Jason Terry finally started playing like Jason Terry . . . and acting like Jason Terry. He averaged 13.3 points a game, and finally looks like the fearless gunner we watched all those years in Dallas. He's rediscovered the JET swagger, and you can already see it infesting the locker room. Green's definitely adopted that edge. Same with Courtney Lee. And in both cases, it's done wonders for their game, and the overall chemistry of the team.

Avery Bradley's still Avery Bradley. Out there getting the crap beaten out of him every night, and seemingly loving every second of it. He averaged nine points, 3.6 rebounds, 2.1 assists and 1.3 steals during the streak, but more than numbers, Bradley is about attitude. He's about a singular focus every time he takes the floor, regardless of the opponent, and an inability to operate at anything less than full speed.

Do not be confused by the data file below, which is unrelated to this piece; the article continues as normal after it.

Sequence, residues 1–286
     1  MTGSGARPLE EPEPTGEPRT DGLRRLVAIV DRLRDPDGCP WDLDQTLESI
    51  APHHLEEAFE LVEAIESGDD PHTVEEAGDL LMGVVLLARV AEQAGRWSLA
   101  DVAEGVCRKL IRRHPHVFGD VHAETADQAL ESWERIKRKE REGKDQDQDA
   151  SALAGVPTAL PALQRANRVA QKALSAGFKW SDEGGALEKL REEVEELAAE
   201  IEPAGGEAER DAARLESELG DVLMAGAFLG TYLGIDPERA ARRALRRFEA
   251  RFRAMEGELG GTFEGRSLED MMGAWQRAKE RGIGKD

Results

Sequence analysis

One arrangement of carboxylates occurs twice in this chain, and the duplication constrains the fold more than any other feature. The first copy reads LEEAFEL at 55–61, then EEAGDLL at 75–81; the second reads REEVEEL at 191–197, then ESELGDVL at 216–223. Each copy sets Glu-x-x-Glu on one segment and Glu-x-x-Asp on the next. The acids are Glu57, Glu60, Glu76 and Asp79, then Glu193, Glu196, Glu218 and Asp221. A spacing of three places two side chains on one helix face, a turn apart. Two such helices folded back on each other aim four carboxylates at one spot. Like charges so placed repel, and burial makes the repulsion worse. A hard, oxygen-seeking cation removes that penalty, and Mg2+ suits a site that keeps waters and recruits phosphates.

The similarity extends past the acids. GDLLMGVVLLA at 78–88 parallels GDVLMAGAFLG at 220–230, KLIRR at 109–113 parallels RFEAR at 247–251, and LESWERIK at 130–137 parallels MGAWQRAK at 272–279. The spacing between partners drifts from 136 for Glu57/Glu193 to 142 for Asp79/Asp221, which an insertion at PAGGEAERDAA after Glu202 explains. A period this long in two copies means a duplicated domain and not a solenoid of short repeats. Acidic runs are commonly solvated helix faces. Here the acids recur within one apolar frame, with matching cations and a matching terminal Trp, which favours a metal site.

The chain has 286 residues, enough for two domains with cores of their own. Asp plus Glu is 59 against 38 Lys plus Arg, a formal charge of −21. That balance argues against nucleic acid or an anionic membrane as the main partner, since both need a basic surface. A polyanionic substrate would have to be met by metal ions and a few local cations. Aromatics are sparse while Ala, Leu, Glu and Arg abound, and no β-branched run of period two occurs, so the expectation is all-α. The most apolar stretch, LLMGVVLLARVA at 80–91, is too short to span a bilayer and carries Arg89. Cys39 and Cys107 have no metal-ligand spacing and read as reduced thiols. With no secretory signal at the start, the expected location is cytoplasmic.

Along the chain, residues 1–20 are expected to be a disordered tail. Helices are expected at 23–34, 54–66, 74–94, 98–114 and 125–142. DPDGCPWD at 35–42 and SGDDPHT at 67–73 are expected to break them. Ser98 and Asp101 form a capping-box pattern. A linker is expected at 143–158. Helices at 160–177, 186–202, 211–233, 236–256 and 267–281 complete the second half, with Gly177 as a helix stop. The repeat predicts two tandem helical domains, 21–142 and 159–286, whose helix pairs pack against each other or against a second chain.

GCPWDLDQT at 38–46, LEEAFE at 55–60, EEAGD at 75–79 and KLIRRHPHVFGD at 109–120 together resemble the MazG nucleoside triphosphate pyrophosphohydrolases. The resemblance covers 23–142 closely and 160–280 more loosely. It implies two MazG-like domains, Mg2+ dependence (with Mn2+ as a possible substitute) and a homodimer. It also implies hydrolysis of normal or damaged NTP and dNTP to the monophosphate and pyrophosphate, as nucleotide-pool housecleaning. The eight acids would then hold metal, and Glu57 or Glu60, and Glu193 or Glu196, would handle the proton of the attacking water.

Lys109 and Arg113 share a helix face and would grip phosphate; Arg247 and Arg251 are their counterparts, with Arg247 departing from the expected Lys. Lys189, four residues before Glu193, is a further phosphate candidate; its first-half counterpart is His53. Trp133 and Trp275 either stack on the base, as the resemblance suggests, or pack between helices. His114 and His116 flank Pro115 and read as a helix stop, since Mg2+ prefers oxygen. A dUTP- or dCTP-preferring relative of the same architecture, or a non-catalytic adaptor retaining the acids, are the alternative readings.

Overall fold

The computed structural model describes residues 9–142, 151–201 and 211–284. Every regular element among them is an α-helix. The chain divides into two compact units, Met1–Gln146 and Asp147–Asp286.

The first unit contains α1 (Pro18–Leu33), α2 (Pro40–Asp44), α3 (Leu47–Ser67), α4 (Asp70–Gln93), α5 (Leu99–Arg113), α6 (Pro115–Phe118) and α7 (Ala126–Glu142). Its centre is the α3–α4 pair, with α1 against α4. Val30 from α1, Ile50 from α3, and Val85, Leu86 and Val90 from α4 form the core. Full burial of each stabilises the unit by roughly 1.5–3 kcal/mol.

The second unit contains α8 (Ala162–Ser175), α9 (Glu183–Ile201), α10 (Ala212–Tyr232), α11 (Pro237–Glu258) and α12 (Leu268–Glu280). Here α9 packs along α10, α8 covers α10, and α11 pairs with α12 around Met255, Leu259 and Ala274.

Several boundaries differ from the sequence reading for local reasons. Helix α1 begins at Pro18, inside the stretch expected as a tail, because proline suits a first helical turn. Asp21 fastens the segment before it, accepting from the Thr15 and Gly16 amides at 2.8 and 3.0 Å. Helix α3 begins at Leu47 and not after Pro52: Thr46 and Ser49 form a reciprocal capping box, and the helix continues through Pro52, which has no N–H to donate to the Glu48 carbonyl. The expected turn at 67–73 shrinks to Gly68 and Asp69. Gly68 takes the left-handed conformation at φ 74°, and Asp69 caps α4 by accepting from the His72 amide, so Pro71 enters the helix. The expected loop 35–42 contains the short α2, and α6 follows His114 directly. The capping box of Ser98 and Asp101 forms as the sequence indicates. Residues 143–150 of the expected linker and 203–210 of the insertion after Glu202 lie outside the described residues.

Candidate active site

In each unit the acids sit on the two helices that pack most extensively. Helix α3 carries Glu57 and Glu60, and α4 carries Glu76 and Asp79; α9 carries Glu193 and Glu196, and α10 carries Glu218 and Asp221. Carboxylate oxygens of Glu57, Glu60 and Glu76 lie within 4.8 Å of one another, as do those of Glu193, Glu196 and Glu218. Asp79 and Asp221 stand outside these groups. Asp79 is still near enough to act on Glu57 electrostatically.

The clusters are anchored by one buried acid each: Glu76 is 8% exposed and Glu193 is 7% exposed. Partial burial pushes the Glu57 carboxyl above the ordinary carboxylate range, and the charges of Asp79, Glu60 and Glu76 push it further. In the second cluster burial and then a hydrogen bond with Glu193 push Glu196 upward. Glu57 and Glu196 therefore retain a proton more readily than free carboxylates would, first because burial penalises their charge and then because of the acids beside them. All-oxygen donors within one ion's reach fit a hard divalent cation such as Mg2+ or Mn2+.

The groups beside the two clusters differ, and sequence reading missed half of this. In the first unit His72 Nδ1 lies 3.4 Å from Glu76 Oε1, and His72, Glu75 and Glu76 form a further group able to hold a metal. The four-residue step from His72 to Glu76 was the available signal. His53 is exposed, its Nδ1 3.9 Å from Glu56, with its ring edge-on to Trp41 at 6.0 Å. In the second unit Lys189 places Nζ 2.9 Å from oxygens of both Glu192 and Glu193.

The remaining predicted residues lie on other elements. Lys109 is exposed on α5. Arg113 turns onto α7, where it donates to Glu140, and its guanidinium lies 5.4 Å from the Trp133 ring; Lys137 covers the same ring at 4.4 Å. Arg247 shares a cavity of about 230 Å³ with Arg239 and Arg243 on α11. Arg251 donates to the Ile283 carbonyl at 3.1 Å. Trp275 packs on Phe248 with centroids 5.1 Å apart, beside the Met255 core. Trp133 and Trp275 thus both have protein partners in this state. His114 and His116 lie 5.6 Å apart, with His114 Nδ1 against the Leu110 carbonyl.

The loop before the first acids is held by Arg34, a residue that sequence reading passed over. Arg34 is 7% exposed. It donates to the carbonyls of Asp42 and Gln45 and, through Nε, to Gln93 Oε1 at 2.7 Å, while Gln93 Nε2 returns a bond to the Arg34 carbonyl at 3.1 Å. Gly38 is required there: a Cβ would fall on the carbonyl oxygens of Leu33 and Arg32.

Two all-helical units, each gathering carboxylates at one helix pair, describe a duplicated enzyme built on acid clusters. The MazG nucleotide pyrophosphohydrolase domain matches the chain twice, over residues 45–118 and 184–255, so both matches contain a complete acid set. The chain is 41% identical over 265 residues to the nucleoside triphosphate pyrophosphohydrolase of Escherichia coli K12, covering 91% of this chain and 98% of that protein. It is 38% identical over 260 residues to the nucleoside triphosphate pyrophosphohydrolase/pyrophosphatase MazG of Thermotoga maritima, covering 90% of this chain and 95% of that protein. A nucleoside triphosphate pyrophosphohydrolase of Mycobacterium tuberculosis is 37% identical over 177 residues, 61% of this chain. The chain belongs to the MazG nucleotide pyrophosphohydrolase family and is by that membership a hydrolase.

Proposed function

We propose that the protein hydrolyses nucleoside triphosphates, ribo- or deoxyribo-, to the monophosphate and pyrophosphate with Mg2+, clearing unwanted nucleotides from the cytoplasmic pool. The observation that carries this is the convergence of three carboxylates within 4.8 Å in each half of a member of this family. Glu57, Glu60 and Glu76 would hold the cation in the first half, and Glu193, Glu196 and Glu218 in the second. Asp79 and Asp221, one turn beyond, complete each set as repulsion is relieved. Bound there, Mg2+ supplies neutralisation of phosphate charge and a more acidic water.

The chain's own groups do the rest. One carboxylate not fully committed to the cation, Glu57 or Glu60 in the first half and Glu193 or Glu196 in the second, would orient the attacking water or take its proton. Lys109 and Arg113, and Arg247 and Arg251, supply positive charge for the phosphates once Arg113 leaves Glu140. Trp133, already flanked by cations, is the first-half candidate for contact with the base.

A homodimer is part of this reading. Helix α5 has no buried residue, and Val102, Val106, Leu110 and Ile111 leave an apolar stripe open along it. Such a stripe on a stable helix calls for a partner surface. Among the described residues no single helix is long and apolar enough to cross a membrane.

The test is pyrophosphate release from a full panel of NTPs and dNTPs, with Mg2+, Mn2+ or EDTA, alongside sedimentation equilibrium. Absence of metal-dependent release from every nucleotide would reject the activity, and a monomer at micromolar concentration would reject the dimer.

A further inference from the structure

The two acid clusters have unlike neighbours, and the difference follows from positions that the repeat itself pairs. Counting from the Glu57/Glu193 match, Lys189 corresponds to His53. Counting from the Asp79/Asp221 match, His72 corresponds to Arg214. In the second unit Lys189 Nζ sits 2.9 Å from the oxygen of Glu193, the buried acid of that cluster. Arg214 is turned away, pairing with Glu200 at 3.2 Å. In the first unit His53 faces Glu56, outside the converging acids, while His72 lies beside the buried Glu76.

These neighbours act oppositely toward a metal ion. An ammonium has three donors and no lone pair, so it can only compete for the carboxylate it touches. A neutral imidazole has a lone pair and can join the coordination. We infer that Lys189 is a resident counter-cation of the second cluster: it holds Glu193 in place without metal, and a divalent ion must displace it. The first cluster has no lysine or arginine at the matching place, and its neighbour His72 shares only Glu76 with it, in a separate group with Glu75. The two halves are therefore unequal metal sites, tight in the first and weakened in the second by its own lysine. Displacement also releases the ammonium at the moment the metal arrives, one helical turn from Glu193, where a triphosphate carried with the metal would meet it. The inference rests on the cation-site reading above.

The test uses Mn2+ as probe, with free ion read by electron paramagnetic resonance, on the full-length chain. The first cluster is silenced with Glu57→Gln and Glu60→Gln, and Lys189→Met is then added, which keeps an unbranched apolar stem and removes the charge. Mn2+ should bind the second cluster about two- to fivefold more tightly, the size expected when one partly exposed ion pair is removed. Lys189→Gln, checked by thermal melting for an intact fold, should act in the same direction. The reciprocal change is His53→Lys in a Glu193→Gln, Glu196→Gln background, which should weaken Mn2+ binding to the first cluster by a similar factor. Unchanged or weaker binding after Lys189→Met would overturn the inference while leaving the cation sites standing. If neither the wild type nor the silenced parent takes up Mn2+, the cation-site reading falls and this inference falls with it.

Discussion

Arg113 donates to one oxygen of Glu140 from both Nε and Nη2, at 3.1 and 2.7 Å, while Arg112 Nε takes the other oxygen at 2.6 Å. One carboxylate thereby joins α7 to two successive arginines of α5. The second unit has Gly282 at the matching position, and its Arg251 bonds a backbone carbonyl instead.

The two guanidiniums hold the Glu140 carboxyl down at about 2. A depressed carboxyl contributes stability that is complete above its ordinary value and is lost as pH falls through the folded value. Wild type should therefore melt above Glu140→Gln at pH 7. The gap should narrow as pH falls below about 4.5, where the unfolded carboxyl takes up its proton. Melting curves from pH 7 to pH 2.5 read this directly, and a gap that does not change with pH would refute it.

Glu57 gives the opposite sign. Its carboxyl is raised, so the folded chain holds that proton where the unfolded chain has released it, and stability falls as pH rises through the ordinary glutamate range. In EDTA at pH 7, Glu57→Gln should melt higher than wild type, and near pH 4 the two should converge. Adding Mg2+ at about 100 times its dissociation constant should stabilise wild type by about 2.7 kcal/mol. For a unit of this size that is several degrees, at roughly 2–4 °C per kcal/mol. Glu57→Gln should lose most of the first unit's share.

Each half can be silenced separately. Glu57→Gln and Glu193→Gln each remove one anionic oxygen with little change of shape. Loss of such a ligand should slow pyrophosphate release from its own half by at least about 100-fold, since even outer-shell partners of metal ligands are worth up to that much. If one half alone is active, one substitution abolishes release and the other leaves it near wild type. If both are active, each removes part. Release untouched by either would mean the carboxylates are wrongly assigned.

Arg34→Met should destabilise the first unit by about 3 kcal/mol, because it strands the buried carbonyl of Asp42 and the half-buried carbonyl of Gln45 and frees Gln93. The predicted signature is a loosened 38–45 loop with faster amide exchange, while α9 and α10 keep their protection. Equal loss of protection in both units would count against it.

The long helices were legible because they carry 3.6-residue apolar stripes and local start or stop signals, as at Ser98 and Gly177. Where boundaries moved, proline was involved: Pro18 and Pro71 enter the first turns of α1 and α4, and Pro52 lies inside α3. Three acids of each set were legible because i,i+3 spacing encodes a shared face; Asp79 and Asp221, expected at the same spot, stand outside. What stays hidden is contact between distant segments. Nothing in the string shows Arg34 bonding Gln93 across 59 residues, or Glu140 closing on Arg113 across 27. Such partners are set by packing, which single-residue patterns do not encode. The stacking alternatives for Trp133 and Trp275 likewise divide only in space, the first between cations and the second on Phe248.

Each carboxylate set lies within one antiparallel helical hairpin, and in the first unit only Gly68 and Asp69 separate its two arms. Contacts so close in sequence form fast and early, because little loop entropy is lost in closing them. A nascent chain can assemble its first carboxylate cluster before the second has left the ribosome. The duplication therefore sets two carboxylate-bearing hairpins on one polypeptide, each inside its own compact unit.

It's fair to wonder if that mentality might eventually catch up with Bradley. In some ways, you can argue that it already has. But for now, it's exactly what the Celtics need. It's part of a much bigger picture.

Along the way, there were questions . . .
Mostly, are the Celtics better without Rajon Rondo?

But the truth is that I'd rather challenge Nikola Pekovic to a 15-round oil wrestling match than delve into that right now. If there was nothing else to talk about, then sure, it might help pass the time. But the previous 700 words suggest that's not the case.